First of all, it is just such a terrific poster, an exuberant mish-mash of what is good about Africa. I know that One Happy Family, which was where it was taking place, are not blessed with resources – the predominant style feature is the wooden pallet – so it is even more remarkable that someone should have come up with such a quality design, and that it had been produced so well, in four different prime languages – English, French, Farsi and Arabic – and with the details in English, French or Greek, which makes for mind-boggling possible configurations.
I was teaching at Mosaik during the afternoon, so headed out as soon as I could. Problem number one was that I had, as usual, forgotten to bring water. A blazingly, blindingly, blisteringly hot day made it worse – a long wait for a ride in a hot bus, followed by a trudge up the hill to OHF, and I was simultaneously drenched and parched, so not in the best frame of mind. I was hoping for something to drink and a mellow vibe, but instead found just a water fountain and a pounding, head-banging beat from a sound system. In front of the stage was a gang of jumping, screaming young men; around them was a cheering crowd holding up phones to take pictures; and around that a second ring of mostly European volunteers with cameras.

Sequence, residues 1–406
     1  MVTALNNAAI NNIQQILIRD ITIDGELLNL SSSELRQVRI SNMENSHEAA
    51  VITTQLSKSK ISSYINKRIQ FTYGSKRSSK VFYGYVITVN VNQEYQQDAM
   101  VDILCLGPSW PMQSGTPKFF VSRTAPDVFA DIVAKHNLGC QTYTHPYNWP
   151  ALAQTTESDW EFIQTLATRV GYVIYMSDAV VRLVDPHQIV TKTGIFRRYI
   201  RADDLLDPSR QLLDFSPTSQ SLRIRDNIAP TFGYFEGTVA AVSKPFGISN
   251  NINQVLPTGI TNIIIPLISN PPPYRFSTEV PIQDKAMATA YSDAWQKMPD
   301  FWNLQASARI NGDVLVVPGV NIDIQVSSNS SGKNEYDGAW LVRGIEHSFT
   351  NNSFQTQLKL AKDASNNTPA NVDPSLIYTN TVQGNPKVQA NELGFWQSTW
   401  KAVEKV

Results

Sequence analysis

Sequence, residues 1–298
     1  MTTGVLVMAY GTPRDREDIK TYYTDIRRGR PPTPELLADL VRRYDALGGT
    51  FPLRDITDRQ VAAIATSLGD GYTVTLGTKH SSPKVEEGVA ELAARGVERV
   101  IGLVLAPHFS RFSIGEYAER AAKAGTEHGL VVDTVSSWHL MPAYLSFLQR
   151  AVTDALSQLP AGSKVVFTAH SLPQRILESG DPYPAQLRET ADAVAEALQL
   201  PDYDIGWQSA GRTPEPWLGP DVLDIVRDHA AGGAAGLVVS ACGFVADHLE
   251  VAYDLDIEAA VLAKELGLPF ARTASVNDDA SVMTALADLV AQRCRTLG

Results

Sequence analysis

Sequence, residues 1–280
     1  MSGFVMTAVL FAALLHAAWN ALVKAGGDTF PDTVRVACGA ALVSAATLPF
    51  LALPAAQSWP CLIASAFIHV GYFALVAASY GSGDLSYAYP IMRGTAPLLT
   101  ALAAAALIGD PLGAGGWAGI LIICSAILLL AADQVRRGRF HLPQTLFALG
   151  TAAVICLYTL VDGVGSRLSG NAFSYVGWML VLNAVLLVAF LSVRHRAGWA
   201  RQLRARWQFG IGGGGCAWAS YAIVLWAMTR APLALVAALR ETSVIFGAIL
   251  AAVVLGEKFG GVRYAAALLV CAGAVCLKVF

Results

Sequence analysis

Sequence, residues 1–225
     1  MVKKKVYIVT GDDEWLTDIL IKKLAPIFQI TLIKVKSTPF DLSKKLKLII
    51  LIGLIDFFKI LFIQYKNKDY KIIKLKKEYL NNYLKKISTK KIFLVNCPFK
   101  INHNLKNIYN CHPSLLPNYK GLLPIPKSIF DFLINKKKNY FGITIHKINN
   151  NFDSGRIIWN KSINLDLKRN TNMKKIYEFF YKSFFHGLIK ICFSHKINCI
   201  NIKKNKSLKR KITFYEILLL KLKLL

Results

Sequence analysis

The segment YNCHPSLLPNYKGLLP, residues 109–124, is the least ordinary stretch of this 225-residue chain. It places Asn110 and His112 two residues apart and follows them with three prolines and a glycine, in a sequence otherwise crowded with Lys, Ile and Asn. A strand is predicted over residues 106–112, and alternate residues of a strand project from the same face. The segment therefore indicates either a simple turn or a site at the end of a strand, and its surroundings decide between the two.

This was not my scene, so I headed over to the Ecohub, to see if anyone was there, but that was all shut up, so I decided to cut my losses. I trudged back down the hill, rather wearily, and after waiting in the heat for a bus that didn’t come, I was offered a ride back into town by an air-con minibus that was ferrying volunteers from one of the NGOs.
It turned out that there had been some cool live music earlier in the day, when I had been teaching. And it was clear that it had been a success, injecting some welcome excitement and vitality into what must be pretty tedious, difficult lives; the fact that I hadn’t had a good time was neither here nor there.